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SEPA cyber-attack 'likely to be work of global organised crime groups'


By Lorna Thompson

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THE Scottish Environment Protection Agency (SEPA) has said a ransomware attack on Christmas Eve is likely to be by international serious and organised cyber-crime groups intent on disrupting public services and extorting public funds.

SEPA has reassured the public that flood forecasting and warning services are continuing to operate during investigations. SEPA was back issuing flood alerts and warnings within 24 hours of the attack.

The agency is working with the Scottish Government, Police Scotland and the National Cyber Security Centre to respond to what it describes as complex and sophisticated criminality.

Cyber security specialists have identified the theft of around 1.2GB of data, which is equivalent to a small fraction of the contents of an average laptop hard drive.

Terry A’Hearn, SEPA chief executive, said: "Whilst having moved quickly to isolate our systems, cyber security specialists, working with SEPA, Scottish Government, Police Scotland and the National Cyber Security Centre have now confirmed the significance of the ongoing incident.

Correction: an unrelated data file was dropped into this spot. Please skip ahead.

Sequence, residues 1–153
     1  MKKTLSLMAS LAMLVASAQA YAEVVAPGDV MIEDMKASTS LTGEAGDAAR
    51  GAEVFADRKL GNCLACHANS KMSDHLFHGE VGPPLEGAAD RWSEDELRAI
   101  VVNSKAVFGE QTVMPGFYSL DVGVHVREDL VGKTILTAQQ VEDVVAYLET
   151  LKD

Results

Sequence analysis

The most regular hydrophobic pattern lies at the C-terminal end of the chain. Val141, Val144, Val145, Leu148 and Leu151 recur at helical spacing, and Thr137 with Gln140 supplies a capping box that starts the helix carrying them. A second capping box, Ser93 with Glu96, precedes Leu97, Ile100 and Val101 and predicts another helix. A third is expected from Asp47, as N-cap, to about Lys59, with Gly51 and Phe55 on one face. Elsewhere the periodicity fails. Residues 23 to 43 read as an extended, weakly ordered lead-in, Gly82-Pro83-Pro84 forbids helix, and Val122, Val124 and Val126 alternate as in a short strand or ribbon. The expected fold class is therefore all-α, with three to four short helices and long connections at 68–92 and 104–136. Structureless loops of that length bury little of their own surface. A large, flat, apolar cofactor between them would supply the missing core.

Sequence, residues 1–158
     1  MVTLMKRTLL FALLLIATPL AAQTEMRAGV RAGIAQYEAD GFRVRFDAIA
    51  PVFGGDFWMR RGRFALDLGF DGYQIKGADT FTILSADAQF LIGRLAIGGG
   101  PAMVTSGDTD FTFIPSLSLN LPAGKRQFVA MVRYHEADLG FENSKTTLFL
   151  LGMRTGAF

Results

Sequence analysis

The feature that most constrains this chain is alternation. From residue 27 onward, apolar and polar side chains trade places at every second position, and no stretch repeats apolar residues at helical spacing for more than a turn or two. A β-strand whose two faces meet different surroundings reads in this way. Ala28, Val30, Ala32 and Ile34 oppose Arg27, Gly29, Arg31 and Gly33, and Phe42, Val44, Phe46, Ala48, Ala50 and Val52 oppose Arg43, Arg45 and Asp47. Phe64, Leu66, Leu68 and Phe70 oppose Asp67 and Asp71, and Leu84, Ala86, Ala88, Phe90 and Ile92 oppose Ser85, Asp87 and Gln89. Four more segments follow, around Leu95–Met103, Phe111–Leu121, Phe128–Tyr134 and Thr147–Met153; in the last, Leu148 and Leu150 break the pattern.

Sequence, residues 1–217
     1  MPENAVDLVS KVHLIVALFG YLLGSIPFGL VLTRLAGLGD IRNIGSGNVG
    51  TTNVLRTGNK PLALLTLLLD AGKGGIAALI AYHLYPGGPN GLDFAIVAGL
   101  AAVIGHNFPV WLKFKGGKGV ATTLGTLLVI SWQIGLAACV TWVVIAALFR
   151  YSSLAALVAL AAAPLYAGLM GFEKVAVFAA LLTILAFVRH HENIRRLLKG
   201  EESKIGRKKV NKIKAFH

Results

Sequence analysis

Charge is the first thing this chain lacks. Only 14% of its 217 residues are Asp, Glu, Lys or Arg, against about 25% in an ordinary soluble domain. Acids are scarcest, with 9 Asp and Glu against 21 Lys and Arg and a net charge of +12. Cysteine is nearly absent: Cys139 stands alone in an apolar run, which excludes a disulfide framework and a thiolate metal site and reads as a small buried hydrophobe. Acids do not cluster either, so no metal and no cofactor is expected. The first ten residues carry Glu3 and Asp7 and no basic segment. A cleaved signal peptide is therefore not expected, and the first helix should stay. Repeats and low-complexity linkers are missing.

SEPA has said a cyber-attack on its systems on Christmas Eve is is likely to be by international serious and organised cyber-crime groups.
SEPA has said a cyber-attack on its systems on Christmas Eve is is likely to be by international serious and organised cyber-crime groups.

"Partners have confirmed that SEPA remains subject to an ongoing ransomware attack likely to be by international serious and organised cyber-crime groups intent on disrupting public services and extorting public funds."

Mr A’Hearn added: "Whilst the actions of serious and organised criminals means that for the moment we’ve lost access to our systems and had information stolen, what we’ve not lost is the expertise of over 1,200 staff who day in, day out work tirelessly to protect Scotland’s environment.

"Sadly we’re not the first and won’t be the last national organisation targeted by likely international criminals. Cyber-crime is a growing trend."

Detective Inspector Michael McCullagh, of Police Scotland’s Cybercrime Investigations Unit, said: "This remains an ongoing investigation. Police Scotland are working closely with SEPA and our partners at Scottish Government and the wider UK law enforcement community to investigate and provide support in response to this incident. Enquiries remain at an early stage and continue to progress including deployment of specialist cybercrime resources to support this response."


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